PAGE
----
The other day during an in-service training at work, one of the administrators was demonstrating different classroom activities meant to help us move away from lecturing and whole-group instruction and toward differentiated and small-group instruction. One of the activities involved putting up signs in four different areas of the room that said "Agree," "Strongly Agree," "Disagree," and "Strongly Disagree." The idea is that the instructor makes a statement relevant to some part of the lesson, and the students move to stand near one of those signs. Then you mix up the groups and have them try to convince each other.

The statement that we had to agree or disagree with was "Parenting classes should be required for anyone planning to have a child." I know that's something people joke about and throw out after stories of particularly bad or stupid parenting. And I think most people kept their thinking about it at that level, because every single faculty member moved to either "Agree" or "Strongly Agree," except for me and one other guy. He's new this year, and I'm pretty sure single and childless as well. As I walked over to "Disagree," he was sort of waffling between staying there and going to join the crowd, but as I stood firm he said "I think I'm going to stay here."

We were running short on time, so we didn't do the part where we switch groups and try to change each other's minds, but I imagined incredulous questions being hurled at me, and what I would say. Things like "Who would teach those classes and set the standards for 'good parenting'?" To which I imagined replies like "Well, it would just be basic things. Things that anyone with sense would agree on." But I could list several debatable things that some people might include in that "common sense" category, like that all babies should be born in hospitals, or that every child should be vaccinated with every new vaccine that comes along, as early as possible. That spanking works. That there could possibly be one way of parenting that works for every child and every family.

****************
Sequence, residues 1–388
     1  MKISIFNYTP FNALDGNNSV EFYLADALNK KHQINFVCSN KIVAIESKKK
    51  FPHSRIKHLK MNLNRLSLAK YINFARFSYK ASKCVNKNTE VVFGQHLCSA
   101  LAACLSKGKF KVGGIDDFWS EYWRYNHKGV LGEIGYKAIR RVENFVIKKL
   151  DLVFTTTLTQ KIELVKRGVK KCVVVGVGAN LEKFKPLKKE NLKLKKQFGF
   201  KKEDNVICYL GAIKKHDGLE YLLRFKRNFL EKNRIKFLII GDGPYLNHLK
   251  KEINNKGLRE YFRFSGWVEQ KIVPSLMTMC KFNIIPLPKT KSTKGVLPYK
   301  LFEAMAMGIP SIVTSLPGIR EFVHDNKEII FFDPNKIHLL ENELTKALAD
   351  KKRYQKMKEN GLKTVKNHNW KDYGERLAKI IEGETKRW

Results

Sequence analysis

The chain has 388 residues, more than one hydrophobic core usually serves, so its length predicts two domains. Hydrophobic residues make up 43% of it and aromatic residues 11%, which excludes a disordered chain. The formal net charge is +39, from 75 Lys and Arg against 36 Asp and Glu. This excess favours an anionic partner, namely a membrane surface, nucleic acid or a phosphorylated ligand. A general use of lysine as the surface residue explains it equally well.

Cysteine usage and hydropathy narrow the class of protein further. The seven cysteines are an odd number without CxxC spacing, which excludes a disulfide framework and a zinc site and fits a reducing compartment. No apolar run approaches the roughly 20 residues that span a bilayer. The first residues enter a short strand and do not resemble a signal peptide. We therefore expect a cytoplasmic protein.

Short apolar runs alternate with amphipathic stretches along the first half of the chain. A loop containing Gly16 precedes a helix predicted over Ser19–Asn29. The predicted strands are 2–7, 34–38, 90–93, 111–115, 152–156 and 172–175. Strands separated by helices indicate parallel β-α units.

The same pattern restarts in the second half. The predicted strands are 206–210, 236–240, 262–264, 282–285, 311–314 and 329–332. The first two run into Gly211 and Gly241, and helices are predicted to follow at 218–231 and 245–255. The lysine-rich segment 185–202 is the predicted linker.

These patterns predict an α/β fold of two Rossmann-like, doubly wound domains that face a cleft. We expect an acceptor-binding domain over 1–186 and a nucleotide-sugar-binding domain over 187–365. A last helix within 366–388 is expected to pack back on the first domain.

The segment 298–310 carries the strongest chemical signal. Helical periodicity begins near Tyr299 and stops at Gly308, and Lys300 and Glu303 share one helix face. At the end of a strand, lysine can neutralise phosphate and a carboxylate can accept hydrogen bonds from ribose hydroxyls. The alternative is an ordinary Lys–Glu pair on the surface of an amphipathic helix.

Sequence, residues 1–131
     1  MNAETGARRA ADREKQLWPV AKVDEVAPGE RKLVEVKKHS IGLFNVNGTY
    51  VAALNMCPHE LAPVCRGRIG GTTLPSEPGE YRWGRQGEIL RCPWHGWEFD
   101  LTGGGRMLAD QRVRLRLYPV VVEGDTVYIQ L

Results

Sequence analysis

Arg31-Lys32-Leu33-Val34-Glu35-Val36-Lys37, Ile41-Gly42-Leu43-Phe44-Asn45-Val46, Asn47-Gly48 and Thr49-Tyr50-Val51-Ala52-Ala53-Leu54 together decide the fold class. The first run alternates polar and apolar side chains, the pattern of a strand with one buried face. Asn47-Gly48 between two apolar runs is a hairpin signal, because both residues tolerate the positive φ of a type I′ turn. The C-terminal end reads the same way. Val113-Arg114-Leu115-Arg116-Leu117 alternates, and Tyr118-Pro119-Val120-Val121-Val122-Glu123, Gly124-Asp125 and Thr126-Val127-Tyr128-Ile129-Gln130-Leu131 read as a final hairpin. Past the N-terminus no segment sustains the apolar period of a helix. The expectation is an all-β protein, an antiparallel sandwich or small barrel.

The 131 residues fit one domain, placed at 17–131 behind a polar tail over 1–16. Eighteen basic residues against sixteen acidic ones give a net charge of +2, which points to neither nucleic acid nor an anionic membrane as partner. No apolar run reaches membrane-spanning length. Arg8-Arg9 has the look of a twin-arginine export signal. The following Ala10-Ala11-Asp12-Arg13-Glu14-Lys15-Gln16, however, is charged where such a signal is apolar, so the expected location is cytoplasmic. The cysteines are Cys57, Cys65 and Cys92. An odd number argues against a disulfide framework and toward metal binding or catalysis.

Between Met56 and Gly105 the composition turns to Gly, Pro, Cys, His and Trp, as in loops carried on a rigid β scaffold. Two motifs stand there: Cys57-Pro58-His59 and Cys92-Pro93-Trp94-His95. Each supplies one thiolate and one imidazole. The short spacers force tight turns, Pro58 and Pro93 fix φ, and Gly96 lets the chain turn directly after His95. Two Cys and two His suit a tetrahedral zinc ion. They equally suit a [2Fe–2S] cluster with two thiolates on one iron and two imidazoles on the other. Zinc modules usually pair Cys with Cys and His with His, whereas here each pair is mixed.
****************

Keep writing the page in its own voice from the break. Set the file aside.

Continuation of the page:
Maybe it's because of the way I feel so micromanaged at work lately, but I've been thinking a lot about what a travesty it is when everyone gets treated like the weakest link. The one-size-fits-all standardized approach to education, work, parenting,'s a myth and it's hurting us. Where is the rugged individualism? Where is the American belief in individual freedom and choice, even if that means some people make bad choices?

There's a church down the street from my house with a sign that says "Every home is a school. What do you teach?" When I saw all those teachers standing over next to "Agree," I thought about how our whole society is a parenting class. As a society we have an incredibly strong tendency to censure certain choices. What sitcom doesn't have an episode about kids who breastfeed for too long, moms who live vicariously through their daughters, dads who get too worked up over their sons' sports, spinster aunts whose mothers ruined them and grown men who can't cut the apron strings? Every legal drama shows us children killed by their loving but deluded parent's wacky belief in faith healing or natural medicine or fear of vaccines or experimental child-rearing techniques. We get plenty of messages about what is expected of us as parents, what is and is not acceptable.

The idea of requiring parenting classes is no different from any other band-aid approach to a social problem. Giving away our power to instituions is not the answer. I like to believe that in a real conversation, there would have been far fewer people agreeing to that idea. Because if we're all taught some faceless entity's idea of good parenting/teaching/whatevering, and we're all held to a single standard, maybe there will be fewer people falling below the bar, but there will also be fewer rising above it.